“IMO “speed movements” at lower percentages that allow for faster movement, while not totally ineffective, are not optimally effective, because the speed is still slow in comparison to most sporting movements, and often the resistance would be less. Furthermore, at lower percentages being able to actually release and throw the implement would allow for much higher power, force, and speed production. However, one must understand that training at a higher power, force, or speed output, is not necessarily the best way to train to improve any of them in particular.”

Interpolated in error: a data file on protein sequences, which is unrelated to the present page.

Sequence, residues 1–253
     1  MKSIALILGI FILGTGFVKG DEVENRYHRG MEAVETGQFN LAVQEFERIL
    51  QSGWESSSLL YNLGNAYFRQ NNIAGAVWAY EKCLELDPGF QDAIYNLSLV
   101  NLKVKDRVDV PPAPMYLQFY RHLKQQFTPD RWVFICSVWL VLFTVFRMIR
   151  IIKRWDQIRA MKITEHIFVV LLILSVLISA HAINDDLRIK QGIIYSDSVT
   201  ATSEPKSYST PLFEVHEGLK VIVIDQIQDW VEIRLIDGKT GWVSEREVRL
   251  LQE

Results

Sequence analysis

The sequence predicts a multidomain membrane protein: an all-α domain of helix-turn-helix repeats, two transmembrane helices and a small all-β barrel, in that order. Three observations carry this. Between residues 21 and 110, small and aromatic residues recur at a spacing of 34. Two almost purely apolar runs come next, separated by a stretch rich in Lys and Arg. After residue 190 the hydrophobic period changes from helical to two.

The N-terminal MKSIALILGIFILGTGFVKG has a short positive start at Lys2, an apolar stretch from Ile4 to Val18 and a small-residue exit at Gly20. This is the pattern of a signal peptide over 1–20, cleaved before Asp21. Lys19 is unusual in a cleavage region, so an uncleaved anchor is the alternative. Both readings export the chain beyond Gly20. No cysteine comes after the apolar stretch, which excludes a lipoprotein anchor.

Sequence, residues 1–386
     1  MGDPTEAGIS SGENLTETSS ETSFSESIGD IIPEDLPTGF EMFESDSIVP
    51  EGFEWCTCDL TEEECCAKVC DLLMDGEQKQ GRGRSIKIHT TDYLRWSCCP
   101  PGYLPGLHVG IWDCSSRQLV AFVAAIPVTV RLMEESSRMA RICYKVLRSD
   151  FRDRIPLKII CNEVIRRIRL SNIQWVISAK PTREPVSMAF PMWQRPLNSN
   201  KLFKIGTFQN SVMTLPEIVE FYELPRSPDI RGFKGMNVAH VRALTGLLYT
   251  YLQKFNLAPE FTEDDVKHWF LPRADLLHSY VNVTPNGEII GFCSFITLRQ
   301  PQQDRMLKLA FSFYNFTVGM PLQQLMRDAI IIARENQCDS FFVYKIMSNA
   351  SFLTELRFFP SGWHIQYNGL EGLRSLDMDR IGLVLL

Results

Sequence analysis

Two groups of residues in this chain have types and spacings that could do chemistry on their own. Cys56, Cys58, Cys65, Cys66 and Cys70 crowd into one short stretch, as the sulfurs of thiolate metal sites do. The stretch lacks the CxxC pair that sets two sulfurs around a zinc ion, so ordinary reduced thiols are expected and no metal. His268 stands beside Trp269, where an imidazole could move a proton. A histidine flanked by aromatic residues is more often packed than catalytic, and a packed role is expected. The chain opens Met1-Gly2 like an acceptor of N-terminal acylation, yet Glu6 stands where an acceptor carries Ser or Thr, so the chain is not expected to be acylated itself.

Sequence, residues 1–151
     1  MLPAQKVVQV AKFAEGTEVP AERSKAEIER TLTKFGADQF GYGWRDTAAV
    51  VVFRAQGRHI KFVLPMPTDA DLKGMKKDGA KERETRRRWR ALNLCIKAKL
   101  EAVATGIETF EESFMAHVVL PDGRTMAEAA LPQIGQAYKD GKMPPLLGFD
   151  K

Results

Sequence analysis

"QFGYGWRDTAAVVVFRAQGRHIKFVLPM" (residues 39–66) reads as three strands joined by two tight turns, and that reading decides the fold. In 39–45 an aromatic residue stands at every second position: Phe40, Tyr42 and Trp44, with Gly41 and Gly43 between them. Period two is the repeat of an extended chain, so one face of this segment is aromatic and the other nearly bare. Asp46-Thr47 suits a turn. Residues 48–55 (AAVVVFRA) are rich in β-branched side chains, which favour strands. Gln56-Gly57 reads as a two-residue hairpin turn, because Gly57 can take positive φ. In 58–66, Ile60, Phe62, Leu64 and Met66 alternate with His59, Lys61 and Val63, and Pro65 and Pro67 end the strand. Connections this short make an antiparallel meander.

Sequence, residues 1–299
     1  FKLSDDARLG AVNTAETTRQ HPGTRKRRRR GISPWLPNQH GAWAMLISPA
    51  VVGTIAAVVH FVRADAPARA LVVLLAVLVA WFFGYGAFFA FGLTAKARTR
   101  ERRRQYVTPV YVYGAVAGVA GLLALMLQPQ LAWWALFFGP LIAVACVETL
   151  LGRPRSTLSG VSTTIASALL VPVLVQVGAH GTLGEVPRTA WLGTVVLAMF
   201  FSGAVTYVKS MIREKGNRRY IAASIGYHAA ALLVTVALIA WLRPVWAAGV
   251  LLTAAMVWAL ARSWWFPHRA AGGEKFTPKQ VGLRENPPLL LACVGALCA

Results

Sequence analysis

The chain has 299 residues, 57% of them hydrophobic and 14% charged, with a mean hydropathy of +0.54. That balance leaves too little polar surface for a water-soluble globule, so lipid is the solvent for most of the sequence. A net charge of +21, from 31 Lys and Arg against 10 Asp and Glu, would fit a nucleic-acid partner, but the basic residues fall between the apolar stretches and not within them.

J Sci Med Sport. 2001 Jun;4(2):168-78. Related Articles, Links Velocity specificity, combination training and sport specific tasks. Cronin J, McNair PJ, Marshall RN. Sport Performance Centre, Auckland University of Technology, New Zealand. Whether velocity-specific resistance training is important for improving functional sporting performance was investigated by studying the effect of isoinertial training velocity on netball chest pass throwing velocity. Twenty-one female netball players were randomly assigned to a strength-trained group (80% 1RM - average training velocity = .308 m/s), power-trained group (60% 1RM - average training velocity = .398 m/s) and a control group. Resistance training was combined with sport specific motion training for both groups over a ten-week training duration. Pre- and post-training testing revealed that the training velocity associated with the strength-trained group produced significantly greater improvement in mean volume of weight lifted (85kg) and mean power output (13.25 W) as compared to the power and control groups (PThis one suggest Rate of Force Development, not velocity of movement is the most important factor for improving speed of movement. Med Sci Sports Exerc. 1995 May;27(5):648-60. Related Articles, Links Resistance training modes: specificity and effectiveness. Morrissey MC, Harman EA, Johnson MJ. Department of Health Sciences, Sargent College, Boston University, U.S. Army Research Institute of Environmental Medicine, Natick, MA 01760-5007, USA. There is considerable demand for information on the effectiveness of various resistance exercises for improving physical performance, and on how exercise programs must match functional activities to produce the greatest performance gains (training specificity). Evidence supports exercise-type specificity; the greatest training effects occur when the same exercise type is used for both testing and training. Range-of-motion (ROM) specificity is supported; strength improvements are greatest at the exercised joint angles, with enough carryover to strengthen ROMs precluded from direct training due to injury. Velocity specificity is supported; strength gains are consistently greatest at the training velocity, with some carryover. Some studies have produced a training effect only for velocities at and below the training velocity while others have produced effects around the training velocity. The little, mainly isokinetic, evidence comparing different exercise velocities for improving functional performance suggests that faster exercise best improves fast athletic movements. Yet isometric exercise can improve actions like the vertical jump, which begin slowly. The rate of force application may be more important in training than actual movement speed. More research is needed into the specificity and efficacy of resistance exercise. Test populations should include both males and females of various ages and rehabilitation patients. Just to highlight, a quote in this one, “It may be that irrespective of load and limb velocity, the repeated intent to move an isoinertial load as rapidly as possible might be an important stimulus for functional high velocity adaptation.” J Sports Med Phys Fitness. 2002 Sep;42(3):267-73. Related Articles, Links Is velocity-specific strength training important in improving functional performance? Cronin JB, McNair PJ, Marshall RN. Sport Performance Research Centre, Auckland University of Technology, Auckland, New Zealand. email@example.com A variable considered when designing programs to optimize athletic performance is training velocity. It has been suggested that training at a specific velocity improves strength mainly at that velocity and as velocity deviates from the trained velocity, the less effective training will be. However, the research describing velocity-specific adaptation and the transference of these adaptations to other movement velocities is by no means clear. Compounding the problem in this area is the failure of research to detail the relationship between training velocity and actual movement velocity of a given task or athletic pursuit. In most cases there is a great disparity between training velocity and actual movement velocity. Factors that may better develop and explain velocity-specific adaptation in relation to functional performance are discussed. Developing qualities such as strength, power and rate of force development would appear of greater importance than training at the actual movement velocity of a task. It may be that irrespective of load and limb velocity, the repeated intent to move an isoinertial load as rapidly as possible might be an important stimulus for functional high velocity adaptation. The ability of the nervous system to activate and coordinate agonist, synergist and antagonist activity would seem essential. It was suggested training techniques that simulate the velocity and acceleration profiles associated with the desired functional performance, such as throw or jump training, may optimize functional adaptation. Furthermore combination training that incorporates same session sport specific training with either a heavy load or a mixed training load approach might provide an optimal strategy for promoting intramuscular and intermuscular co-ordination and improving functional performance.